All images © by Roberto Piperno, owner of the domain. Write to firstname.lastname@example.org. Text edited by Rosamie Moore.
Vienna seen by an Italian XVIIIth century traveller - Fountains
This fountain dedicated to the marriage of Virgin Mary was designed in 1732 by Josef Emmanuel, son of Johann Bernard Fischer von Erlach. It is not a very Roman fountain in the sense that water plays a rather minor role, but the top of the bronze baldachin is directly derived from Bernini's baldachin in St. Peter's.
The very innovative curved ends of the baldachin are generally attributed to Francesco Borromini who worked under Bernini at the actual execution of the baldachin.
The municipality of Vienna commissioned in 1737 a fountain to Georg Raphael Donner, an excellent sculptor who had learned the art from Giuliano Giuliani, a leading artist of the previous generation. Donner thought of providing Vienna with a "four rivers" fountain, the name given to a fountain designed by Bernini for Pope Innocent X in Piazza Navona.
Baroque artists used to surprise the viewer by placing parts of their sculpture (or painting) outside the architectural elements (very often a niche, in the case of sculptures) which framed them. A fine example of this practice by a scholar of Bernini, Melchiorre Caffa, can be seen in S. Agostino. In portraying one of the four rivers of Vienna, Donner had an extraordinary idea; the river, portrayed as a young fishermen, is entirely outside the fountain and one is naturally inclined to go next to him to see if he actually managed to catch a fish.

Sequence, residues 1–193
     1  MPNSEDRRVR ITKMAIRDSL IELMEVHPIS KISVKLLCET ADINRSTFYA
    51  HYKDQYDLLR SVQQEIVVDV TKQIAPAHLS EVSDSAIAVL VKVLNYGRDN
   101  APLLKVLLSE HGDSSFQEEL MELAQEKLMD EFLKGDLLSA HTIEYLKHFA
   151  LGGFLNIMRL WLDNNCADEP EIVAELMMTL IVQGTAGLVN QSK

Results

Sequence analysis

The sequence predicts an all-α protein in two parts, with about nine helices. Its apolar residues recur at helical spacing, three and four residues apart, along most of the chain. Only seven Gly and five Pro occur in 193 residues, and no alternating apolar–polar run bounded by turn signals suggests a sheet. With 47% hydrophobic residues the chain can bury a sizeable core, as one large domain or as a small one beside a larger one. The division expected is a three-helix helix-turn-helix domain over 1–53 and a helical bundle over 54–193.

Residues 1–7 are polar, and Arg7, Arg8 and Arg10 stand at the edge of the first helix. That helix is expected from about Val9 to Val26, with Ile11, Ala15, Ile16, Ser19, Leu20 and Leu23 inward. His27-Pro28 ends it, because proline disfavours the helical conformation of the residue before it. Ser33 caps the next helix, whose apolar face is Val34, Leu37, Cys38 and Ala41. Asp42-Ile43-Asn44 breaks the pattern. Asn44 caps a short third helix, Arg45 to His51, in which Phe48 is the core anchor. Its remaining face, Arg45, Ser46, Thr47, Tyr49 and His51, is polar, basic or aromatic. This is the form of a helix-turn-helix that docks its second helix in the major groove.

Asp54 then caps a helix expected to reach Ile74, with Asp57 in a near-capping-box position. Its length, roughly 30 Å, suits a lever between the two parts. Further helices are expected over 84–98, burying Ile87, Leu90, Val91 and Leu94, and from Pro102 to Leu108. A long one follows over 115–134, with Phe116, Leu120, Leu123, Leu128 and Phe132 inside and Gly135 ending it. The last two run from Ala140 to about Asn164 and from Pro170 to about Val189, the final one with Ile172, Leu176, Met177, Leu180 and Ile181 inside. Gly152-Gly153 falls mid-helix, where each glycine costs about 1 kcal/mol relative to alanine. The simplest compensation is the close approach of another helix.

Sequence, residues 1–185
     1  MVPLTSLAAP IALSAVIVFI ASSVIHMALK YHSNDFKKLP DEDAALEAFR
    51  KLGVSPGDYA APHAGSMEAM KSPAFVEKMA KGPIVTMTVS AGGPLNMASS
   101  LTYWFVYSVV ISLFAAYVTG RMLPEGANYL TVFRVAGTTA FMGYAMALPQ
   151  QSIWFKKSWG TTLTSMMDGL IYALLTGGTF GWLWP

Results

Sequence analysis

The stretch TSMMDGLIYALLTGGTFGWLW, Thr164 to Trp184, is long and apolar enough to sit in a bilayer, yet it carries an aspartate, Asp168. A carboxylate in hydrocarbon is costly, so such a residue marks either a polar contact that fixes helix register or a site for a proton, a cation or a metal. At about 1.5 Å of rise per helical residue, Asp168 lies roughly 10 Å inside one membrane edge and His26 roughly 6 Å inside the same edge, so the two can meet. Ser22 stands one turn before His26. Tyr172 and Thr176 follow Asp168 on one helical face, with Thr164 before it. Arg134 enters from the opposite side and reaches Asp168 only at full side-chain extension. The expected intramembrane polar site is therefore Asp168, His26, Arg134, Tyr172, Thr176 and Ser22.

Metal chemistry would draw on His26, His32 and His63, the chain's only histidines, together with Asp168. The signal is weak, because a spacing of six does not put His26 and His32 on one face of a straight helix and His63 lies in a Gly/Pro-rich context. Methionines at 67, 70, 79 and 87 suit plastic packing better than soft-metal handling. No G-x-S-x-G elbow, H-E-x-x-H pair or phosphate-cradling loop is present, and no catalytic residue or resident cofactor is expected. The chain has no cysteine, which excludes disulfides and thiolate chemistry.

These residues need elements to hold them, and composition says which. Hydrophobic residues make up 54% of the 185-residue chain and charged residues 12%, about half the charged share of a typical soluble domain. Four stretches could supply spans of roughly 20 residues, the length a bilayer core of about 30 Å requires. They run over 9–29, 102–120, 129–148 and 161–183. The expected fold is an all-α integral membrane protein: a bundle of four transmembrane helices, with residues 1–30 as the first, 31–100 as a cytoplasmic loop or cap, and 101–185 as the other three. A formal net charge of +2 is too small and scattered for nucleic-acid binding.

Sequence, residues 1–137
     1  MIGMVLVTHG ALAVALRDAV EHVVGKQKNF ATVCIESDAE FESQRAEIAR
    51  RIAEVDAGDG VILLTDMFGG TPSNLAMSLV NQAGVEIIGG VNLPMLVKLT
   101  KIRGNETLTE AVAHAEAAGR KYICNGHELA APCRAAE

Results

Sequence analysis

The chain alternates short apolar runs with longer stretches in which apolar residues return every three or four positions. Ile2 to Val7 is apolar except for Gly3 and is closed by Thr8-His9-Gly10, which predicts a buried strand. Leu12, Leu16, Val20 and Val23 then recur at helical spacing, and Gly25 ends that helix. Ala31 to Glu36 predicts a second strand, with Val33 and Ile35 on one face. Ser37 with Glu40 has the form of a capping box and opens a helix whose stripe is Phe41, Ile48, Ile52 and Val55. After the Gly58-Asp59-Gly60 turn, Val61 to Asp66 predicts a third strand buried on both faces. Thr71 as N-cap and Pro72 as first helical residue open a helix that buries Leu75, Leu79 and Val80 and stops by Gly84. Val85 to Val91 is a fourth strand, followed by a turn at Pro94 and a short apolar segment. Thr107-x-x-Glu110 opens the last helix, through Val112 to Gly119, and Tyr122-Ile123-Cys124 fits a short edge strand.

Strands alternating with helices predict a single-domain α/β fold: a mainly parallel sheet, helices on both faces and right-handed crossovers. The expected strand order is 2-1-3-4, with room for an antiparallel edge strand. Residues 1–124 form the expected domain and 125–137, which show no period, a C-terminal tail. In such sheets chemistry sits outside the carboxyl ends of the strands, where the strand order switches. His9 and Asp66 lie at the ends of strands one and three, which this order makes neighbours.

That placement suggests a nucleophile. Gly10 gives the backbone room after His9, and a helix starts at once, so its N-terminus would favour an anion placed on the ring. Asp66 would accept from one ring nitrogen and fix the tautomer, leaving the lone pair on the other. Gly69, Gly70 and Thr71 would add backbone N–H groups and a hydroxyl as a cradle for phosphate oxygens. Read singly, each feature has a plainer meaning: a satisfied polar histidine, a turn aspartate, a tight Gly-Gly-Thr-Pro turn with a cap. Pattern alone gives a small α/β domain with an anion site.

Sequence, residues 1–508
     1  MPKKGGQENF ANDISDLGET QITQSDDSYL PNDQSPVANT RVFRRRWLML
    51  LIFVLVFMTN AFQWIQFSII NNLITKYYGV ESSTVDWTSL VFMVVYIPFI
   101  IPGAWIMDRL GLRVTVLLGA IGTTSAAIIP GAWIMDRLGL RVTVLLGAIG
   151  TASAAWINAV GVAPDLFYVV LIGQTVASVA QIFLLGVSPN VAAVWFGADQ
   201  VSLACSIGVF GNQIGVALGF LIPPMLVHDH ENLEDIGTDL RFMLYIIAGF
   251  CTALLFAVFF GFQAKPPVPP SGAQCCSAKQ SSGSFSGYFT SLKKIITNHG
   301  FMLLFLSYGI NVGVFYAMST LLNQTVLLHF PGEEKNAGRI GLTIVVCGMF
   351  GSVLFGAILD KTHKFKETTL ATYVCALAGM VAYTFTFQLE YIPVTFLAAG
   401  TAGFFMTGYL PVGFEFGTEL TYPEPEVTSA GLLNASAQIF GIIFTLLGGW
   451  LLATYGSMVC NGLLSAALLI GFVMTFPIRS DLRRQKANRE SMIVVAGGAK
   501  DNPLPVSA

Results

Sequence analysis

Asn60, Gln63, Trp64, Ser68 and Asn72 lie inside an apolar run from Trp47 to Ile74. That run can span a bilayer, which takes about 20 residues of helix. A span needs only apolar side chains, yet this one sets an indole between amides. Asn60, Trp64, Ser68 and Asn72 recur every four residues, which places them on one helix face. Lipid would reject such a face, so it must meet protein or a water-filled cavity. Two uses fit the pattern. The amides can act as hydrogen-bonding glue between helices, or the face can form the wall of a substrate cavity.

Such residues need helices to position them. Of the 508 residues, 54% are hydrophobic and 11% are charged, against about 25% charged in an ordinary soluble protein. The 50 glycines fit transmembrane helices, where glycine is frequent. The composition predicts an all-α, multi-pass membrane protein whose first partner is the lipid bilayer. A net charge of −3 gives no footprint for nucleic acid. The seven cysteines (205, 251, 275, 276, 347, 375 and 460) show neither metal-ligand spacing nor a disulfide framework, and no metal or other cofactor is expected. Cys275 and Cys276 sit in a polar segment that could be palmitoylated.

The original statues were cast in lead and were removed in 1770 because the Empress Maria Teresa was ashamed of their nakedness.
In addition to the public fountains, Rome had many artistic fountains in the courtyards of private houses. In 1741 the municipality of Vienna decided to embellish the courtyard of the town hall (Rathaus) with an artistic fountain and commissioned it to Georg Raphael Donner again.
The result was an extremely elegant fountain where one can see that Donner was familiar with the works of Giambologna, who had decorated a fountain in the Boboli Gardens in Florence with statues portraying the same subject and with those of Cellini who had done the same in a relief decorating his famous bronze statue of Perseus.
In 1737 the last of the Medici died and the Granduchy of Tuscany was assigned to Francis Stephen of Lorraine, husband of the Empress Maria Theresa: this may be behind the choice of the subject.
In Bernini's fountain in Piazza Navona the gigantic statues portraying the four rivers lay on a rock populated with animals and plants; these elements appear, although in a more anecdotic way, in this XVIIIth century fountain embellishing Akademie den Wissenschaften.
In addition to the fountain of the four rivers by Georg Raphael Donner, Vienna has two other fountains having the same subject, but not the same grace.
The 1846 still fountain of Austria shows the main rivers of the empire: Danube, Elbe, Po and Vistula; the 1902 fountain in front of the huge Parliament building also shows four rivers of the empire: but the River Po is no longer among them, because in the meantime the Austrian Empire had lost its Italian possessions.
Pages in this section of the website in recommended order:
Introduction: the Holy Roman Empire of the German Nations
The 1683 Siege of Vienna
XVIIth century churches
XVIIth century palaces
Monuments celebrating the end of plagues
The walls of Vienna
XVIIIth century churches
XVIIIth century palaces
Italian sculpture and sculptors
A political manifesto: Karlskirche
Churches without the walls
Palaces and Villas without the walls
A day in the countryside: Perchtoldsdorf